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Franz LISZT (1811 - 1886)
Via Crucis (version for piano solo 1876-79) S.53 [41:52]
La notte (arr. for violin and piano, 1864-66?) S.377a [11:46 ]*
Reinbert de Leeuw (piano)
Vera Beths (violin)*
rec. 2-3 July 2012, Philharmonie Haarlem, the Netherlands
ETCETERA KTC 1458 [53:39]


 
Franz Liszt’s attempts to put the overcooked bombast of church music into reverse were not furthered by his Via Crucis in his lifetime. The work was rejected by publishers as musically ‘incompetent’, and it had to wait until 1929 before receiving a first performance. Reinbert de Leeuw recorded an Edison award-winning version of Liszt’s Via Crucis for the Philips label in 1986, and the atmosphere of spare restraint he created in that version with choir and piano is not dissimilar to that we have from this piano solo version. De Leeuw has long been a champion of Liszt’s remarkable late compositions, and was a founder member of the Franz Lisztkring in 1979. He and Vera Beths gave the première of La Notte in its version for violin and piano in 1980. The booklet contains his remarks on the work in interview form.
 
Via Crucis opens with an introduction of disarming simplicity. If you know Reinbert de Leeuw’s recordings of Erik Satie then this chorale and plainchant will remind you very much of something like the Ogives. When we get into the meat of the narrative, Liszt can be found pushes the boundaries of tonality and the pianist is also required to drive his instrument to the edge of its capabilities. Dynamic extremes are just one aspect of this, and the colours and textures which need to emerge certainly qualify as ‘orchestral’. These are however frequently not the densest passages. De Leeuw cites the Fourth Station as one of the most remarkable movements in the entire work, and you can sense this even without a conscious awareness of the tonal processes at work. “It demands enormous concentration, because every note is in exactly the right place: the music is stretched to its limit…” This applies to the entire work, but it is with such restraint and elusive expression of touch that de Leeuw makes the piece into so much more than just a string of notes. If you think of the grandest of Olivier Messiaen’s scores condensed into just a single instrument and a very few marks on paper while still retaining and communicating all of that devotional intensity, then this is something approaching what you can expect to encounter here.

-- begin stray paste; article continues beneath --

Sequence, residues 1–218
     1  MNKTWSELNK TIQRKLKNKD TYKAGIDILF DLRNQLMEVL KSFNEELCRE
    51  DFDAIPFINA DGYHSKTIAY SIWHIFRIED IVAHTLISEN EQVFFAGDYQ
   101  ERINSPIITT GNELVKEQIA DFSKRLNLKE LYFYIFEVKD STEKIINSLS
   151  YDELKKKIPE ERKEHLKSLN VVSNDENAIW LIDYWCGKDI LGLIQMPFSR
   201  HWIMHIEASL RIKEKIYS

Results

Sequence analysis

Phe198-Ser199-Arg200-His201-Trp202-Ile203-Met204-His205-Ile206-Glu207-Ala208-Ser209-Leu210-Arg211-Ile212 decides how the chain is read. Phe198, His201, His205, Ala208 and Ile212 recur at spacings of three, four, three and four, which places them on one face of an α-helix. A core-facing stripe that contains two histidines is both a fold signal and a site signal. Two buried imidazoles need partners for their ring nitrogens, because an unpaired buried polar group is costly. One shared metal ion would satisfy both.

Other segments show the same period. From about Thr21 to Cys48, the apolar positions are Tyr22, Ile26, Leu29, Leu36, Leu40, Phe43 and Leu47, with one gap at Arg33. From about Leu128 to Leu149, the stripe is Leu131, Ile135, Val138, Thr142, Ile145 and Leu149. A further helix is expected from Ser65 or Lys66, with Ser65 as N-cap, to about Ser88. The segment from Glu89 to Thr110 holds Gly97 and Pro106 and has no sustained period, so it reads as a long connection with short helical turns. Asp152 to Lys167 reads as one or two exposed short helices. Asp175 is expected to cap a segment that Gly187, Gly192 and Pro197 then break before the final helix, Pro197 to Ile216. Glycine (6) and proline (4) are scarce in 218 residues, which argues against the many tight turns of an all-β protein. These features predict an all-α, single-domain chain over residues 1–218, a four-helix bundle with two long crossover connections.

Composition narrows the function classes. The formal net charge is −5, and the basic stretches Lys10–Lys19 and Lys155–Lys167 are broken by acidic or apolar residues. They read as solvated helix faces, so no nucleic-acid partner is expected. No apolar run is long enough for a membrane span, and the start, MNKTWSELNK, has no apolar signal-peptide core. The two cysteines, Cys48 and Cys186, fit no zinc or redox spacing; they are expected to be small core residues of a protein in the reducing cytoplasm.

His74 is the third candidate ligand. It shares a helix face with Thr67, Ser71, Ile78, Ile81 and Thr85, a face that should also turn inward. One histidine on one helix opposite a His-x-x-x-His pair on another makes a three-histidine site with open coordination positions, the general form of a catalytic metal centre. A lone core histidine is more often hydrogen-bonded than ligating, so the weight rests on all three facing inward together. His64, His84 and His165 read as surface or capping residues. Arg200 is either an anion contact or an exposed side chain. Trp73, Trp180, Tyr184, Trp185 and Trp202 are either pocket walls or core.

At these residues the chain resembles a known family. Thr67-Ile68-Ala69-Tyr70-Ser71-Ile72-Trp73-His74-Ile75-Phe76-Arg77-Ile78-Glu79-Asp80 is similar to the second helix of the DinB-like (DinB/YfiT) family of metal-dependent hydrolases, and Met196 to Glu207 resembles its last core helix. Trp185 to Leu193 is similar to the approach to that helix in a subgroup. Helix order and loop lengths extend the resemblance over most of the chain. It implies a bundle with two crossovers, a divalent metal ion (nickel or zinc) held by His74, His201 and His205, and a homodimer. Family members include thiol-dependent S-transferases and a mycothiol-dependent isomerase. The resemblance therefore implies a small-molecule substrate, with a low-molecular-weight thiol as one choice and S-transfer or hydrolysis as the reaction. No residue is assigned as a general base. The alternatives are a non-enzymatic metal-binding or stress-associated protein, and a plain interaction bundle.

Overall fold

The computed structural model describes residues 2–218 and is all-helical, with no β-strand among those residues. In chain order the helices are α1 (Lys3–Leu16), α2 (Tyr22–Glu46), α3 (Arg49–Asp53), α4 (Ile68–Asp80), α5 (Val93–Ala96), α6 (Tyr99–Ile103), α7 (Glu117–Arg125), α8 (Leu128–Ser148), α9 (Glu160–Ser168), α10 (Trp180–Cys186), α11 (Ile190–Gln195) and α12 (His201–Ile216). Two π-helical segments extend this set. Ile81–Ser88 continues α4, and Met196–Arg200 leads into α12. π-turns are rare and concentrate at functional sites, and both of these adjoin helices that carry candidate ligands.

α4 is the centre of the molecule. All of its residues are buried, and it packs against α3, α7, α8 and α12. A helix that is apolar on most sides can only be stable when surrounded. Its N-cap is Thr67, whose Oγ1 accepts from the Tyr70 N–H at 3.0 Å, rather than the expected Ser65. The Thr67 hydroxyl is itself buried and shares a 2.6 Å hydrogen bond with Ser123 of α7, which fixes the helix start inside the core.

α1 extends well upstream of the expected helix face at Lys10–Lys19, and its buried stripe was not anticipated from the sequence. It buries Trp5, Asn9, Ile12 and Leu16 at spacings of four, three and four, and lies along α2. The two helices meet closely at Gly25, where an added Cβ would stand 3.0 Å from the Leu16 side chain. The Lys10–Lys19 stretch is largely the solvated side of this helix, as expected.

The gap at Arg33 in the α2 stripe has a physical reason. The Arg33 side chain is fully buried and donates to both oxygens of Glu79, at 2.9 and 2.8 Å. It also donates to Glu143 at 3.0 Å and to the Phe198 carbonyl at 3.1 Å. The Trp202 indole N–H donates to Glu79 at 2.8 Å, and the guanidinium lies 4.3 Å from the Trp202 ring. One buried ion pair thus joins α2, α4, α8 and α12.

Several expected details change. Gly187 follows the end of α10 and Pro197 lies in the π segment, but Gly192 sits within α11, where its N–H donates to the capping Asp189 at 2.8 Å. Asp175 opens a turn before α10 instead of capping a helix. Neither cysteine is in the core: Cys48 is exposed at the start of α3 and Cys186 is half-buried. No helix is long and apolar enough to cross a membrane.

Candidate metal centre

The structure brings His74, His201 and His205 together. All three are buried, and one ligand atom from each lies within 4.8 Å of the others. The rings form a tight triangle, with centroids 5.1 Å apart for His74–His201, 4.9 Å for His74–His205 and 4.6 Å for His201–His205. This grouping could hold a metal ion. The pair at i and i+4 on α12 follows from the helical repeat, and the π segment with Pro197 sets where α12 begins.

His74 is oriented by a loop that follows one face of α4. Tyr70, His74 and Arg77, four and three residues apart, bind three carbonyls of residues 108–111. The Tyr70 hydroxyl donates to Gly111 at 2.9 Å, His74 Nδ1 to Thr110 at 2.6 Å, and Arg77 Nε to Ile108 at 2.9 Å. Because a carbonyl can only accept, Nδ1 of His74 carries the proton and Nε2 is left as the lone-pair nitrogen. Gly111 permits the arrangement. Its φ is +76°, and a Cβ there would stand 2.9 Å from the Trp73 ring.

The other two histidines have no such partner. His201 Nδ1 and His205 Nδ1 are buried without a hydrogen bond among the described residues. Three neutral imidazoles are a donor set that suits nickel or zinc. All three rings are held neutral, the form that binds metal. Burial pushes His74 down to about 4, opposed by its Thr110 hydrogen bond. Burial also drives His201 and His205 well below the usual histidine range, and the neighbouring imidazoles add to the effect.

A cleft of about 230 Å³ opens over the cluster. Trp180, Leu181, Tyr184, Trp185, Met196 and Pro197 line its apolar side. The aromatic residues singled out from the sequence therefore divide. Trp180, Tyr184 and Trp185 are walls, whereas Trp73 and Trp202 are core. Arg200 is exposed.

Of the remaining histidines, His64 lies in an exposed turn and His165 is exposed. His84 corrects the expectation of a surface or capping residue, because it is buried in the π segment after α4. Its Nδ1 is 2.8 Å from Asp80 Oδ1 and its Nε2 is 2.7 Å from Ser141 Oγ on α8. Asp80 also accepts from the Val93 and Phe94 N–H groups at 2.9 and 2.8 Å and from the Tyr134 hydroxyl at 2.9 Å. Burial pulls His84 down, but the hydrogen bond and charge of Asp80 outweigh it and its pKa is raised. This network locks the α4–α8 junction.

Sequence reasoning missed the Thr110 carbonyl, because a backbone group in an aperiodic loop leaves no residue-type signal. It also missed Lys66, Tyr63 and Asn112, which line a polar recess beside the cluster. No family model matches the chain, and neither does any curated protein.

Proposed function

Released from the chorus and its text, the solo piano version of Via Crucis takes on a character which challenges and undercuts arguably overblown keyboard marathons such as Sorabji’s Opus Clavicembalisticum. Liszt knew what he wanted to say and, late in life, clearly understood the greater meaning in a shaving from the Messiah’s carpentry bench when compared to all of the towers and gold of the Church. The choral version is indeed filled with sublime moments, but in its solo piano form that extra Biblical layer is removed, and the music penetrates the soul even deeper as a result.
 
La notte is another late masterpiece, and also work on which Liszt spent much time and effort in perfecting. This work is a reflection on Michelangelo’s statue of the same name, and derived from the piece Il penseroso which followed. The violin part is at once almost subsidiary to a piece which can after all be played as a work for solo piano, but at the same time it creates an atmosphere all its own. Isolated notes and ‘icy tremolos’ emerge, seemingly from nowhere, and then from about 4:30 a celestial melody is started which transforms itself into something like a lamenting gypsy czardas. There is one other equivalent recording of this piece I could find on the Hänssler Classics label CD98.634 with Friedmann Eichhorn, and Rolf-Dieter Arens in volume 2 of their complete works of Liszt set. Theirs is a good performance and recording, but doesn’t plumb the same skeletally fatalistic depths of de Leeuw and Beths. Incidentally, Jos van Immerseel on Zig-Zag Territoires ZZT040902 also offers a good solo piano performance, and with the tangy sonorities of a period Erard piano.
 
This Etcetera release has a rather alarming picture of Reinbert de Leeuw on the back looking as if a reading of the last rites might be in order. As I write I can however reassure readers he is in good health and with plenty of projects in the pipeline. Don’t be put off by the relatively short playing time. After listening to this properly you won’t have the strength for more. This recording has an aura of ‘specialist market’ but is in fact something really rather remarkable, and I would urge you to have it in your collection.
 
Dominy Clements
 

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